Friday, 5 June 2009
From self-respect comes dignity and from dignity comes hope
Seventeen years have passed since the Mabo case overturned the long-held legal untruth of terra nullius in Australia, but many more truths still remain to be embraced if we are to honour the legacy of Koiki Mabo, Aboriginal and Torres Strait Islander Social Justice Commissioner Tom Calma will say tonight when he delivers the Queensland Anti-Discrimination Commission’s prestigious Mabo Oration 2009.
Queensland Anti-Discrimination Commissioner Susan Booth said the third Mabo oration is a continuation of a national dialogue on Indigenous rights that began with Noel Pearson’s oration in 2005.
“The Mabo Oration is an opportunity for Queenslanders to listen to leaders in Indigenous rights — Tom Calma speaks of dignity and hope for Aboriginal and Torres Strait Islander communities, a goal that the Queensland commission supports and works towards.”
Commissioner Calma will deliver the Oration with an overarching theme about self-evident truths in Aboriginal and Torres Strait Islander affairs. He will focus on the need to build stronger relationships between Indigenous and non-Indigenous Australians based on honesty, acknowledgment and understanding.
“Eddie Mabo spoke about a fundamental truth. It is the truth that the land we now call Australia was occupied when the British came here and that the land (and the seas) continued to be cared for, occupied, utilised and identified as the land of different tribal groups, operating in accordance with their customary laws and traditions,” Commissioner Calma will say.
Commissioner Calma will say in his Oration that a lack of reality and grounding in Indigenous policy-making too often goes unnoticed, and that it is most often Indigenous people who are blamed when new initiatives fail.
He will say fundamental issues remain to be addressed including: ensuring Indigenous participation in decision making that affects Indigenous people; adequately protecting Indigenous human rights; ensuring education is available to all Indigenous children; being proactive about crime prevention by investing in Indigenous communities; and seeing native title as a core part of the social justice agenda.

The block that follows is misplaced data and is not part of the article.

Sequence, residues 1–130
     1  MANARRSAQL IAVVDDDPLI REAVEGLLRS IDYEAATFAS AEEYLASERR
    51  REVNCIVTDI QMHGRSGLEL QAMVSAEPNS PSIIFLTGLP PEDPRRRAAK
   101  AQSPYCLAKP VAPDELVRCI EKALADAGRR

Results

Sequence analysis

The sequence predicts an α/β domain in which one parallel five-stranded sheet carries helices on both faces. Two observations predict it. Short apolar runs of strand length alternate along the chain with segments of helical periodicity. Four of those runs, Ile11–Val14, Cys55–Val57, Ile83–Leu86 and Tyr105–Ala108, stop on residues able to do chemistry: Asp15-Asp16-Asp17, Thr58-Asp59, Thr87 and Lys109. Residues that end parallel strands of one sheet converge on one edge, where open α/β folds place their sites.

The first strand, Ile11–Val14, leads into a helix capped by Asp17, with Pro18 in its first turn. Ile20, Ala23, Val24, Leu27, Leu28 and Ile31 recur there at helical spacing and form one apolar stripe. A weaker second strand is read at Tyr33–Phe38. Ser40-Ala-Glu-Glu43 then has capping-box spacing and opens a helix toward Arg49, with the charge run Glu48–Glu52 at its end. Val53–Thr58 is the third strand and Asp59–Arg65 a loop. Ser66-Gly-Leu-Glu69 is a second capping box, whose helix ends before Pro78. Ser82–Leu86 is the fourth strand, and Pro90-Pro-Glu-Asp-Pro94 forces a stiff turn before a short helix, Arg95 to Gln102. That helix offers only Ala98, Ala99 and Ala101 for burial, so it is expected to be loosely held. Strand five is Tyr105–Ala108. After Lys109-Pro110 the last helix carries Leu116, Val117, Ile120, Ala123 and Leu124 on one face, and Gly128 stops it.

“Regrettably, the reality is that we cannot put our hands on our hearts and say with any conviction that current Indigenous policy adequately addresses the fundamentals I have listed,” Commissioner Calma will say.
“These truths, while they are self-evident, will not go away.”
“Sometimes we reach a point where opportunities open up for us to seriously reflect on why we do the things we do. We are at one of those moments at present,” he will say.
Commissioner Calma will say that the Apology was such a momentous event because it recognised the truth and was offered with generosity of spirit.
“The Apology showed, for just one day, what a united Australia looks like when we squarely acknowledge our history and share our pain,” he will say.
“It showed that ultimately, whether you are an Aboriginal or Torres Strait Islander person, or not, our futures are inextricably bound together by the common threads of dignity, respect and hope.
“Ultimately, a system built on discrimination or dispossession is a house of cards.
“Such a system is not a stable basis for a society and will not guarantee sustainability and cohesion into the future.”
He will tell an expected audience of 1200 people that governments need to develop genuine and respectful partnerships with Aboriginal and Torres Strait Islander peoples.
“This requires developing relationships across Aboriginal and Torres Strait Islander communities themselves so governments hear what matters to people.”
Commissioner Calma will deliver the Anti-Discrimination Commission Queensland’s 3rd Biennial Mabo Oration in Queensland tonight, Friday 5 June, entitled ‘From self-respect comes dignity, and from dignity comes hope: Meeting the challenge of social justice for Aboriginal and Torres Strait Islander peoples’.
Media contact: Louise McDermott (for Tom Calma) 0419 258 597
MaryBeth Gundrum (for Commissioner Susan Booth, Anti-Discrimination Commission Queensland) 0439 676 364